Apoptosis is required for normal development, such as metamorphosis in tadpole and endometrial sloughing off during menstrual cycle and also; it is required to eliminate cells that represent a threat to the organism integrity and during immunocmpetency in the primary lymphoid organs. The outcome of balance between the absence of IL-2 mediated cell proliferation and the presence of internal or external death stimulators leads to apoptosis and the demise of the cells. Furthermore, apoptosis is essential to control the development of diseases like intracellular pathogen and cancer, whereas excessive PCD is an overriding element in neuro-degenerative diseases when deregulated in neurons (Figure 3).

Figure 3. Different effects of apoptosis.

There are different types of general signals that initate apoptosis, including intracellular stress signals resulting in mitochondrial membrane permeabilization, extracellular ligands integrating to death receptors, such as stimulation of the Fas receptor or the TNF receptor (TNFR), and apoptotic stimuli, such as perforin and granzymes.  There is a cross talk between the mitochondria pathways and death receptor mediated; for example, by caspase-8 cleavage of the protein Bid and cell death regulator Smac/DIABLO (second mitochondria derived activator of caspases / direct IAP Binding protein with low PI). During the apoptosis, the mitochondrial Smac/DIABLO inhibits the inhibitors of apoptosis proteins (IAP), thereby breaking the brake on apoptosis. For further information, we accredit the reader to the review articles [10,11]

The internal death stimulators “mitochondrial pathway”:

As in the case reactive oxygen species (ROS), in the literature, the term tends to be used to refer to molecular oxygen-derived reactive molecules and free radicals, including superoxide; hydrogen peroxide; hydroxyl radical; hydroxyl ion; and nitric oxide. Bak and Bax, which are Bcl-2 family members, play a crucial role in mitochondrial outer membrane permeabilisation (MOMP) [12]. Mitochondrial reactive oxygen species (mROS) has been demonstrated to play a role in diverse cellular processes, including differentiation, autophagy, metabolic adaptation, and immune cell activation in response to various stimuli; for example, immunoreceptor ligation, cytokine stimulation, and hypoxia [13]. mROS causes internal damage and mitochondrial cytochrome c (Cyto c) is released to the cytosol. The later binds to apoptotic protease activating factors-I (Apaf-1) to form apoptosome, which mobilizes the initiator caspases, such as procaspase 9 (inactive form) to caspase 9 (active form) resulting in the proteolytic activation of the executioner caspases, such as caspase 3. The final outcome is the degradation of the inhibitor of the caspase activating DNAse (I-CAD) by caspase 3, which in turn leads to nuclear DNA degradation by caspase activating DNase [14-18]. These contribute to the hallmark changes in apoptotic cells, including phosphatidyl serine (PS) residue externalization.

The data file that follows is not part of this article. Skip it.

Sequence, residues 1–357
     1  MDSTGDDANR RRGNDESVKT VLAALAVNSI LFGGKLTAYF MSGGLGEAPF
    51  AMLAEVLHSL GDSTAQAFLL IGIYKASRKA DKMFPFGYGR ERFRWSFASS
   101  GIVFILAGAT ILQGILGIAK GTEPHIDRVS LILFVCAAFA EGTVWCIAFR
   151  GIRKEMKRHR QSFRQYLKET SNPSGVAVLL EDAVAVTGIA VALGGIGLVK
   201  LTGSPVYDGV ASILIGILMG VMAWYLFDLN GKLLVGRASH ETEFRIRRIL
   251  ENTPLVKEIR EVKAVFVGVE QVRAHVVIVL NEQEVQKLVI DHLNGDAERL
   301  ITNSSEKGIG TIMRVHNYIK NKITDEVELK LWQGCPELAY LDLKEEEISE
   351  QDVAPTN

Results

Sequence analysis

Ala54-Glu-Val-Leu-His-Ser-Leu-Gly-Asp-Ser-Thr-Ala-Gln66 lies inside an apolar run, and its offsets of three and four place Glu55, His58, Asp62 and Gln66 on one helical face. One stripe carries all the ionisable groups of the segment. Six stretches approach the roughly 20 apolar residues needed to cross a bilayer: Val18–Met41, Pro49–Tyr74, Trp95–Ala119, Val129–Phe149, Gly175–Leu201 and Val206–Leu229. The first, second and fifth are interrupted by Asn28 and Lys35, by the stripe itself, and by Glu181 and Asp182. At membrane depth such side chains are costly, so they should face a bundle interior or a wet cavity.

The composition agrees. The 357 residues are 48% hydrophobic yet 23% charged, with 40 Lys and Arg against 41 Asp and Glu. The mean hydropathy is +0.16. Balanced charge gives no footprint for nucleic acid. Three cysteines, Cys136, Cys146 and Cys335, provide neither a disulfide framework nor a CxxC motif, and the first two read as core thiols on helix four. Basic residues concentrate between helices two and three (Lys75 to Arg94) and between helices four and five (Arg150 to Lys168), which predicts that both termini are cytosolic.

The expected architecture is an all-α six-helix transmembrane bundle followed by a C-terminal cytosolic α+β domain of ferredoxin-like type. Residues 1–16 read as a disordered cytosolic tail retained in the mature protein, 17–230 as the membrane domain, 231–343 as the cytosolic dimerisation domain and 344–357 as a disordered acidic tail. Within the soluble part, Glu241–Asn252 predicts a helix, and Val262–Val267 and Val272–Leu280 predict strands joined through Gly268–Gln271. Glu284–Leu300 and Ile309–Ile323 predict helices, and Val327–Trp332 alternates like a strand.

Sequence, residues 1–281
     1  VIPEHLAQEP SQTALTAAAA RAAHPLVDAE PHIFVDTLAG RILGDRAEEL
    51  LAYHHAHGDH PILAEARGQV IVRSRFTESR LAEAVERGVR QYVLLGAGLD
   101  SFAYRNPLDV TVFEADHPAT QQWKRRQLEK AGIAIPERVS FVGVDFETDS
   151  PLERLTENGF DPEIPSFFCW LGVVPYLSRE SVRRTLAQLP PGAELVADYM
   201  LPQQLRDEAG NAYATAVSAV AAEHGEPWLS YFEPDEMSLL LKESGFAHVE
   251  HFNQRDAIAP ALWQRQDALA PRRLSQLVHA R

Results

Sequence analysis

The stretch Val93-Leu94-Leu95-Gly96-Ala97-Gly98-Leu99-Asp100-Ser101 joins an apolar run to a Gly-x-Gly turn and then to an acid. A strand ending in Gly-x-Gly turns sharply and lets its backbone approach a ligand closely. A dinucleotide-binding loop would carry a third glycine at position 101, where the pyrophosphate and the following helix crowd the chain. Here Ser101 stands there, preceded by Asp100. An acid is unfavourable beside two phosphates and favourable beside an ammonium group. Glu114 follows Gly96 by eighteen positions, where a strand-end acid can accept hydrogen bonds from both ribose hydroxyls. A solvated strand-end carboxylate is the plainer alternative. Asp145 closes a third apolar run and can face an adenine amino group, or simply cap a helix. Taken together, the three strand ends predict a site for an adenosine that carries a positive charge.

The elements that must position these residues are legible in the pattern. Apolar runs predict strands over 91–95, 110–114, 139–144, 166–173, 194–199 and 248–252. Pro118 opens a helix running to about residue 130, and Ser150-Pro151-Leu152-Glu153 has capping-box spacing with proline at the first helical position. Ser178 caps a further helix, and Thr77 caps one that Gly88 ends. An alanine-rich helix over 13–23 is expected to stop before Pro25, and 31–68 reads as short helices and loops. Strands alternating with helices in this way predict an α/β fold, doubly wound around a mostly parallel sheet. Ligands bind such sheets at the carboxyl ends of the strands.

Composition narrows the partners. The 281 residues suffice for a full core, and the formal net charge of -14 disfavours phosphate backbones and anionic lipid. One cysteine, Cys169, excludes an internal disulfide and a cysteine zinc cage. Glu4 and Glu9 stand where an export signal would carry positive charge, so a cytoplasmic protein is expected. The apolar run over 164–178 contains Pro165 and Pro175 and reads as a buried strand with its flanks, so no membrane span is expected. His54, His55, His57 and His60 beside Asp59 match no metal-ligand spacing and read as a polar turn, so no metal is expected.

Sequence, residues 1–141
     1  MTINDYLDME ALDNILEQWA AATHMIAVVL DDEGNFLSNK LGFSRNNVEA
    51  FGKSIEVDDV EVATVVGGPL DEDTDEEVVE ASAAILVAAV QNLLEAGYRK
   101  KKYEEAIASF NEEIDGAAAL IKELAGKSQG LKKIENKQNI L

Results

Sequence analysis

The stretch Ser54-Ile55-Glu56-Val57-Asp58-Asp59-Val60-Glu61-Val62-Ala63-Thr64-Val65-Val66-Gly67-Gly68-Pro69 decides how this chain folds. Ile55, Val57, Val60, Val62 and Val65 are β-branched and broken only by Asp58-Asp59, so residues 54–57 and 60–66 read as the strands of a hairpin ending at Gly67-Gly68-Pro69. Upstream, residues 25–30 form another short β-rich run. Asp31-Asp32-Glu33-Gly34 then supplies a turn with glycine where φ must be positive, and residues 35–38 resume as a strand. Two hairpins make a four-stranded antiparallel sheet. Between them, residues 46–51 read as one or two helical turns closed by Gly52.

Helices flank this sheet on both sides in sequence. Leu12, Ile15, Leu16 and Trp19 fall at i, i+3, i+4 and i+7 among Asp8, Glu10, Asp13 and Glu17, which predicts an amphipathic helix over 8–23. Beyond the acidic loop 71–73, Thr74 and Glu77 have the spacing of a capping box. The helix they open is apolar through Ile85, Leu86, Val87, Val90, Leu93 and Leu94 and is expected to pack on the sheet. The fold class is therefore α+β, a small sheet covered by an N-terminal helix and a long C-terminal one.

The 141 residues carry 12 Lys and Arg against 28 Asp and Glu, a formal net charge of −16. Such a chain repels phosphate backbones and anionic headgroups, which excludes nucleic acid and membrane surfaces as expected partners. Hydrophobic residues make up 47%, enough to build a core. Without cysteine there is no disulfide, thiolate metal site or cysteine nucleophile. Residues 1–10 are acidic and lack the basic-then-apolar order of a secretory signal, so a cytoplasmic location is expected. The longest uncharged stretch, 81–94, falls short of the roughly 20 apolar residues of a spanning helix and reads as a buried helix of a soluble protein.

The external death stimulators “death receptor pathway”:

The extracellular ligands, such as Tumour necrosis factor (TNF-α) and Lymphotoxin (TNF-β), and Fas ligand (FasL) engage the intergral membrane proteins; TNF and Fas (CD95) receptors respectively. The adaptor proteins, Fas-associated death domain (FADD) and TNFR1-associated death domain (TRADD) engage caspases-8 and -10 to construct the death inducing signalling complex (DISC) at the active receptor [19].  Thereby, the downstream activation of caspase 3, which in turn accelerates DNA fragmentation through a cascade of reactions (Figure 4).

Figure 4. Overview of major molecular events involved in apoptosis.

Abbreviations: FasL, Fas Ligand; DISC, death inducing signalling complex; FADD, Fas-associated via death domain, TRADD, TNFR1-associated death domain; Cyto c, Cytochrome c;  ROS, reactive oxygen species; Apaf-1, apoptotic protease activating factor-1; CAD, caspase activating DNAse, also known as DFF40; ICAD, inhibitor caspase activating DNAse; GAAD, granzyme A-activated DNase, for example NM23-H1; IGAAD, inhibitor caspase activating DNAse; GrA, Granzyme A; GrB, Granzyme B and mROS, mitochondrial  reactive oxgen species

Organelles of mitochondrial origin

Hydrogenosomes and Mitosomes are double membrane-bounded organelles of mitochondrial origin that are found in a phylogenetically broad range of protists, such as diplomonad and trichomonad species. Hydrogenosomal component evolutionary analyses suggested that G. intestinalis mitosomes have evolved from hydrogenosomes, which predated parabasalid and diplomonad split split [20]. The hydrogenosomes produce molecular hydrogen, H 2 and ATP; however, mitosomes (also named crypton or relictual mitochondria) are not involved in ATP production (Figure 5).

Figure 5. A Flowchart illustrates the functional classification of mitochondrion and organelles of mitochondrial origin.